David Bourget (Western Ontario)
David Chalmers (ANU, NYU)
Rafael De Clercq
Ezio Di Nucci
Jack Alan Reynolds
Learn more about PhilPapers
Journal of Medicine and Philosophy 29 (1):75 – 91 (2004)
Patients sometimes request procedures their doctors find morally objectionable. Do doctors have a right of conscientious refusal? I argue that conscientious refusal is justified only if the doctor's refusal does not make the patient worse off than she would have been had she gone to another doctor in the first place. From this approach I derive conclusions about the duty to refer and facilitate transfer, whether doctors may provide 'moral counseling,' whether doctors are obligated to provide objectionable procedures when no other doctor is available, why the moral consensus among doctors seems relevant even though it does not determine whether something is morally acceptable, and whether doctors should stay out of fields whose standard procedures they find morally unacceptable.
|Keywords||No keywords specified (fix it)|
|Categories||categorize this paper)|
Setup an account with your affiliations in order to access resources via your University's proxy server
Configure custom proxy (use this if your affiliation does not provide a proxy)
|Through your library|
References found in this work BETA
No references found.
Citations of this work BETA
Ryan E. Lawrence & Farr A. Curlin (2007). Clash of Definitions: Controversies About Conscience in Medicine. American Journal of Bioethics 7 (12):10 – 14.
J. K. Davis (2008). Futility, Conscientious Refusal, and Who Gets to Decide. Journal of Medicine and Philosophy 33 (4):356-373.
Jerome R. Wernow & Chris Gastmans (2010). A Review and Taxonomy of Argument-Based Ethics Literature Regarding Conscientious Objections to End-of-Life Procedures. Christian Bioethics 16 (3):274-295.
Patrick Clipsham (2013). Comparing Policies on Conscientious Refusals: A Feminist Perspective. International Journal of Feminist Approaches to Bioethics 6 (1):159-165.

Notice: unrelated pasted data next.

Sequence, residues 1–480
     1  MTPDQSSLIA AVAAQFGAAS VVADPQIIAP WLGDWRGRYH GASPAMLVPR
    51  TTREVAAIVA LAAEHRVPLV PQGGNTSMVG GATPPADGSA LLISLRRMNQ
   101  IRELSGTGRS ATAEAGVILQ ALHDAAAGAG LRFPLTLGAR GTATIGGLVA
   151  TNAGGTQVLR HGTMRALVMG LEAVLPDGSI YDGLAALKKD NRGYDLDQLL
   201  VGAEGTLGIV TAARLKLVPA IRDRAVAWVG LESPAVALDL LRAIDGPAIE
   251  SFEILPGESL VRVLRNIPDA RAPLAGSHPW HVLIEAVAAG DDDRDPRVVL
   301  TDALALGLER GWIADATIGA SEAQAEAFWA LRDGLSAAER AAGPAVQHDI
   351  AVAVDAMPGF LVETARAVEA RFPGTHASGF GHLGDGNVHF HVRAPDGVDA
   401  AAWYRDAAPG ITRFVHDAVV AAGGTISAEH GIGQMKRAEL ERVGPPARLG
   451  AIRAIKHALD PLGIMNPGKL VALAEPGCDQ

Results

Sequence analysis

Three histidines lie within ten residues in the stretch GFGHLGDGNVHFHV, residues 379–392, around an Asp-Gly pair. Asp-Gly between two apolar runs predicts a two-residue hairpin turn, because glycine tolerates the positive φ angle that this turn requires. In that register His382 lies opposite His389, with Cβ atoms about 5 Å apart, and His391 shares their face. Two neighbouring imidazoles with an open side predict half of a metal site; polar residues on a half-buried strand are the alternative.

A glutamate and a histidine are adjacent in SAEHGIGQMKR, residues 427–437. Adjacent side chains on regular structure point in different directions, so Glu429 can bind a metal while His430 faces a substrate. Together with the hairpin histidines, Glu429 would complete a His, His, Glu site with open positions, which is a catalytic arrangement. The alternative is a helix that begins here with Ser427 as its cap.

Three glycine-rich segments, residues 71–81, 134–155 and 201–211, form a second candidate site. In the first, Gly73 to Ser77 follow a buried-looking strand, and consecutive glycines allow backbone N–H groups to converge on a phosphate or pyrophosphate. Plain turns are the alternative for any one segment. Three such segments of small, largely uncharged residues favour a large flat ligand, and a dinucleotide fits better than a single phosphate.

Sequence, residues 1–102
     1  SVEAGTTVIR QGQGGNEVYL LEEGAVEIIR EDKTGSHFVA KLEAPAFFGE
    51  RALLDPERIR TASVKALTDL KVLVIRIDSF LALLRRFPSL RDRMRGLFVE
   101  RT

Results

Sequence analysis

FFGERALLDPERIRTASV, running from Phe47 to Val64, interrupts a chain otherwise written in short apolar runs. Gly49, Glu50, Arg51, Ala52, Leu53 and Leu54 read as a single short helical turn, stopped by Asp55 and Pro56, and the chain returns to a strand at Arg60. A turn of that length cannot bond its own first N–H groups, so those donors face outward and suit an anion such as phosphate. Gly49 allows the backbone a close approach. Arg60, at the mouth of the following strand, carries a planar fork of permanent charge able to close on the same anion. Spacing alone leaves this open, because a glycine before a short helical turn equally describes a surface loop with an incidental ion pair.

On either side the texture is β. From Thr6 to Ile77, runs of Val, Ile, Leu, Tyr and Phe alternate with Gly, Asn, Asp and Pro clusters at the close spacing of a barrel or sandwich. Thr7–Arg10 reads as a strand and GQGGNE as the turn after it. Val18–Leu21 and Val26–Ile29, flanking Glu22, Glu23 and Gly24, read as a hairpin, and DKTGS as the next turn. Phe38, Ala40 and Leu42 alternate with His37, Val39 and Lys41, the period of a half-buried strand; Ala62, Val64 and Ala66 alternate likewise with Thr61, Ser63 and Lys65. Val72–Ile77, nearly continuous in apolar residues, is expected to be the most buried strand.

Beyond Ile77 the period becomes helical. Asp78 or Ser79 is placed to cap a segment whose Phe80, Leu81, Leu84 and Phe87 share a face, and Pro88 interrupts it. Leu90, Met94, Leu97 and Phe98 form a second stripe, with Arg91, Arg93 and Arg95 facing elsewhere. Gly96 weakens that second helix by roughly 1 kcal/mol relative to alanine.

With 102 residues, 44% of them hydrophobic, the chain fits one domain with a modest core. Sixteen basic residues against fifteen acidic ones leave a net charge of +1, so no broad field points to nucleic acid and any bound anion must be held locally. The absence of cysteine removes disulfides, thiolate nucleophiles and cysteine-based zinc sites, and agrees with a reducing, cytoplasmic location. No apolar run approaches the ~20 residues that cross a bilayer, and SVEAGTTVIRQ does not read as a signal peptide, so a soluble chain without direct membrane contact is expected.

Similar books and articles
R. Gillon (2000). Refusal of Potentially Life-Saving Blood Transfusions by Jehovah's Witnesses: Should Doctors Explain That Not All JWs Think It's Religiously Required? Journal of Medical Ethics 26 (5):299-301.
David Shaw (2009). Cutting Through Red Tape: Non-Therapeutic Circumcision and Unethical Guidelines. Clinical Ethics 4 (4):181-186.
Demian Whiting (2011). Abortion and Referrals for Abortion: Is the Law in Need of Change? Journal of Evaluation in Clinical Practice 17 (5):1006-1008.
Dan W. Brock (2008). Conscientious Refusal by Physicians and Pharmacists: Who is Obligated to Do What, and Why? Theoretical Medicine and Bioethics 29 (3):187-200.
Mark R. Wicclair (2011). Conscientious Objection in Health Care: An Ethical Analysis. Cambridge University Press.
Robert Pennock, Death and Taxes: On the Justice of Conscientious War Tax Resistance Robert T. Pennock.
Eugene J. Stein (1980). Doctors and Patients: Partners or Adversaries? [REVIEW] Bioethics Quarterly 2 (2):118-122.
Demian Whiting (2009). Should Doctors Ever Be Professionally Required to Change Their Attitudes? Clinical Ethics 4 (2):67-73.
Rosalind Mcdougall (2013). Understanding Doctors' Ethical Challenges as Role Virtue Conflicts. Bioethics 27 (1):20-27.
Zuzana Deans (2013). Conscientious Objections in Pharmacy Practice in Great Britain. Bioethics 27 (1):48-57.
Added to index2009-01-28
Total downloads28 ( #136,546 of 1,792,080 )
Recent downloads (6 months)4 ( #207,127 of 1,792,080 )
How can I increase my downloads?